George “Chip” Greenidge Jr. is in training for his first triathlon. It has also turned into a journey of discovery for him. Currently a Ph.D. student in Sociology in Race and Urban Studies at Georgia State University, he’s working toward a personal goal as well: He will be part of the 2015 Fit Nation team competing in the Nautica Malibu Triathlon in September in California.

In a special article for CNN, Greenidge explained what an exhilarating, challenging and enlightening experience the training has been. He candidly shared how cultural and familial attitudes have shaped African-Americans’ approach toward aquatics, including his own.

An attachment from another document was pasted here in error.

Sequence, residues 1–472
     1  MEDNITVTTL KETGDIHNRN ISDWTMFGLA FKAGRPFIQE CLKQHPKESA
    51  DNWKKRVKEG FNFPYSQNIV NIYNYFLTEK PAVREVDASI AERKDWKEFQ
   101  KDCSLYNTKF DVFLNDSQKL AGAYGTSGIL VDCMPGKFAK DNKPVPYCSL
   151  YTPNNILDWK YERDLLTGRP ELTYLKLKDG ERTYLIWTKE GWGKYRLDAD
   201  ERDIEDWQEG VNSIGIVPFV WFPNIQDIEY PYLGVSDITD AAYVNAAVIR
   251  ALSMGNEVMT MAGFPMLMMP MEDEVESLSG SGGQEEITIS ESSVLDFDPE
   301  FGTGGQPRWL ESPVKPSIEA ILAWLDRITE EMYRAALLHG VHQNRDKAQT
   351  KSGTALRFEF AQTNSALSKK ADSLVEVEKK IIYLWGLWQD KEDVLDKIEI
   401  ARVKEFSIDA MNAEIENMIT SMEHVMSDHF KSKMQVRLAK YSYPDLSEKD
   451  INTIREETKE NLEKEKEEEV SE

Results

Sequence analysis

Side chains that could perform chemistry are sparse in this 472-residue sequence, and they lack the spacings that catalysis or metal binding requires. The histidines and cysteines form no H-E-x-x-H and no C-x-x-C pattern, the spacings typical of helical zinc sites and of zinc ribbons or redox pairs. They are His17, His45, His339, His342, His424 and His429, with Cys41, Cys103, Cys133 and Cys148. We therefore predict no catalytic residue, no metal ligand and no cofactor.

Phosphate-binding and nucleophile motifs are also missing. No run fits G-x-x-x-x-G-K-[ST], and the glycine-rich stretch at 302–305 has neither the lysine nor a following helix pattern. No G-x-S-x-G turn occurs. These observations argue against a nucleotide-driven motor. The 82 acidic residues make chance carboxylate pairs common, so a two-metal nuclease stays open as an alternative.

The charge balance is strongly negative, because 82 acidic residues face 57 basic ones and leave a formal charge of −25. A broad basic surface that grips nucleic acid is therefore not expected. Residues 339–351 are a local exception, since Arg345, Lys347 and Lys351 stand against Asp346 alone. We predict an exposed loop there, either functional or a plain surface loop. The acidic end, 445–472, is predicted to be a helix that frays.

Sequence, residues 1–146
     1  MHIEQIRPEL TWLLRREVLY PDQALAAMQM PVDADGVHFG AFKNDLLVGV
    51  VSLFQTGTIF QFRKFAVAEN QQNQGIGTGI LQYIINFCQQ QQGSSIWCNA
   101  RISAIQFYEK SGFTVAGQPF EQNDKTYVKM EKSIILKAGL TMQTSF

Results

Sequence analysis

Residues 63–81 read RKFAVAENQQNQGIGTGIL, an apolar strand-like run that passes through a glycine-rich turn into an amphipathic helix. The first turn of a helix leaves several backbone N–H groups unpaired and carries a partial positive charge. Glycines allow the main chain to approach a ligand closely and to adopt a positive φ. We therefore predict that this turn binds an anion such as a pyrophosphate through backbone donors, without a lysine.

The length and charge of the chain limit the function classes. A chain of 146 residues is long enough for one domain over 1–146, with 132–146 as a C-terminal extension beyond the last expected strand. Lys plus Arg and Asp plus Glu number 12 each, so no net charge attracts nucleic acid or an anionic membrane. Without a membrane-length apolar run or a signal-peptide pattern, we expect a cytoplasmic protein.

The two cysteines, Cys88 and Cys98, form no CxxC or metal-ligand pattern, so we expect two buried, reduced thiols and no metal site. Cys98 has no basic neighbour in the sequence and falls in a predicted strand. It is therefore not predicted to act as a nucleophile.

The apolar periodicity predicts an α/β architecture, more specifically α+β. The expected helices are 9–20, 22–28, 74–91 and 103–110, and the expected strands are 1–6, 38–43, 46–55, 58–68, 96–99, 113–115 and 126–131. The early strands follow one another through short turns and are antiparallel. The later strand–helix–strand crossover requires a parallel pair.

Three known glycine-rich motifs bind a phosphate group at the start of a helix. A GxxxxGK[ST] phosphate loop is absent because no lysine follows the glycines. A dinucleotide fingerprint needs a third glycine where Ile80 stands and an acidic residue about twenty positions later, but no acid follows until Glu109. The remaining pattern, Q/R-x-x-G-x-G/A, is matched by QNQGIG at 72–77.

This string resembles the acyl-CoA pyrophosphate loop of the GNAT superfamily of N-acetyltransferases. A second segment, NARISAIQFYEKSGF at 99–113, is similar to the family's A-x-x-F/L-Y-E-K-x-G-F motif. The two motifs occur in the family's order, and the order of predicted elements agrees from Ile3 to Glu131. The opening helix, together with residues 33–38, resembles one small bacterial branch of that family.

The topic of swimming and minorities is one that Aquatics International has explored from various angles over the years -- from a Minnesota YMCA’s efforts to serve hard-to-reach minorities, to 2014 AI Power honoree Jim Wheeler and the San Francisco Rec & Parks’ inclusive approach with public pools, to Tara Eggleston’s powerful column on why high minority drowning rates should matter to all aquatics professionals.

But for a personal account, it’s hard to beat Chip Greenidge Jr.’s story. Read More